The great Richard Pryor died today:
There is an entire generation or two around today that don't really know Pryor in his prime, and it's hard to explain in retrospect. Sure, he brought the "N word" to vogue; but that doesn't even begin to touch upon the magic. He came off as a God child; angry and remorseful about the state of race relations, but at the same time amused and dismissive of it - he grasped the absurdity of it, and threw it back out there for people to see.Richard Pryor always knew better than to become too respectable, and maybe that was simply due to a massive self-destructive streak, I don't know. But one of the mistakes he never made was to become what he despised.
"Why they never have a hero - a black hero? I always wanted to go in the movies and see a black hero. I figured out maybe some day on television they'll have it, man - like you see on the television, they come out, 'Look- up in the sky! It's a crow! It's a bat! No - it's Supernigger! Yes, friends, Supernigger! Able to leap tall buildings with a single bound! Faster than a bowl of chitlins! We find Supernigger with his X-ray vision, that enables him to see through everything except whitey."
To say that Pryor's career skyrocketed would be an understatement. If all the researched dates are right, he would have reappeared in '72, went straight into "Lady Sings the Blues," for which he received an Oscar nomination, helped write Lily Tomlin's legendary TV special, was then up for the lead in "Blazing Saddles" but couldn't be used because of the controversial nature of his stand-up act, and instead co-wrote the film with Mel Brooks, then wrote for -and appeared on - "The Flip Wilson Show." Then he recorded his act and released "That Nigger's Crazy" in 1974, and busted the charts. The next year, he recorded live again and put out "Is It Something I Said?," and busted the charts. Again. The next year he felt patriotic and released "Bicentennial Nigger," and busted the charts yet again.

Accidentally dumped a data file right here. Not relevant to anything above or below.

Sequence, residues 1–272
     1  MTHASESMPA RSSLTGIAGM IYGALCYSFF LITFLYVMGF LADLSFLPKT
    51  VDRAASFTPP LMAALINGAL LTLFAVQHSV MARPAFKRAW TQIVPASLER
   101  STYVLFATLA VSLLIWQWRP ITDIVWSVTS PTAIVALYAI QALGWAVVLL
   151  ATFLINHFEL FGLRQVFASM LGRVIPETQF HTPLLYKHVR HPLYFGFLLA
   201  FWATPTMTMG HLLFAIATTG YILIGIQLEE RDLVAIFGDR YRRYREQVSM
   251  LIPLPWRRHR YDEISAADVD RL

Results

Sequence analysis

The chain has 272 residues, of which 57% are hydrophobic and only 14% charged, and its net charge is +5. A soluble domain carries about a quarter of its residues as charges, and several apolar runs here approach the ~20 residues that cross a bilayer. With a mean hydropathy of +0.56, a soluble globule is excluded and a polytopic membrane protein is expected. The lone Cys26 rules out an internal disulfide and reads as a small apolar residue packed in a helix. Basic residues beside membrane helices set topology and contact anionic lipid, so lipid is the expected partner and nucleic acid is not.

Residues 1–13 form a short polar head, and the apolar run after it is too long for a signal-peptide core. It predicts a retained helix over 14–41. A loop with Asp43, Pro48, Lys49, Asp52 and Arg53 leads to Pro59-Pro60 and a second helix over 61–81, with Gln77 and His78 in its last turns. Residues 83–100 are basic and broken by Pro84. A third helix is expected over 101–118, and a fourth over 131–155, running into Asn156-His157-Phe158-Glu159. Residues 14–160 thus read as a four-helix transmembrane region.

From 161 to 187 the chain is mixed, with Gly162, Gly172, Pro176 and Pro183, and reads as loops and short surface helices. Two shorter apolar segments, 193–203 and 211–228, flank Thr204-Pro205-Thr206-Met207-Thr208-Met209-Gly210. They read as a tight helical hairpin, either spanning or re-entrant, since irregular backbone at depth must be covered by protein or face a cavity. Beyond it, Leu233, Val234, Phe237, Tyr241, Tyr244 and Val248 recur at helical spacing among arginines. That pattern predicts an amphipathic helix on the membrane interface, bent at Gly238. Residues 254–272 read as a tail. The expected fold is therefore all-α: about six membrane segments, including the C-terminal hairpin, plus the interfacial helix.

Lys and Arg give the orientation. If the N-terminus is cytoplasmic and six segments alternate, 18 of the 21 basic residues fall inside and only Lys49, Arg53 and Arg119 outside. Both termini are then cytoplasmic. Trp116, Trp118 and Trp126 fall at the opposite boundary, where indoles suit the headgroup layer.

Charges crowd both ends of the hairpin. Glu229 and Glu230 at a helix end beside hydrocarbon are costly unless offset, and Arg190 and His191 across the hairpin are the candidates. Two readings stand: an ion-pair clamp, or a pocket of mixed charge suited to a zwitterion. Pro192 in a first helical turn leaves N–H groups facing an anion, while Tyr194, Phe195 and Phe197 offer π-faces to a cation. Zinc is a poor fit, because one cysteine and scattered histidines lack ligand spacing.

Then, in succession "Car Wash," "Silver Streak," "Which Way is Up?," "Blue Collar," "The Wiz," "Stir Crazy," "Bustin' Loose" and finally his amazing "Live on Sunset Strip" in 1982. Richard Pryor had done more than capture the attention of America; he had unlocked the door. The man who was "too controversial" to star in "Blazing Saddles" in 1974 had hosted the Oscars twice, appeared as a presenter twice more and guested on Johnny Carson three times. No matter what well-earned reputation he has in the pantheon of comedy, it has to be remembered how much he contributed towards the "normalization" of blacks in Hollywood.
Sixty five years was just way too short.
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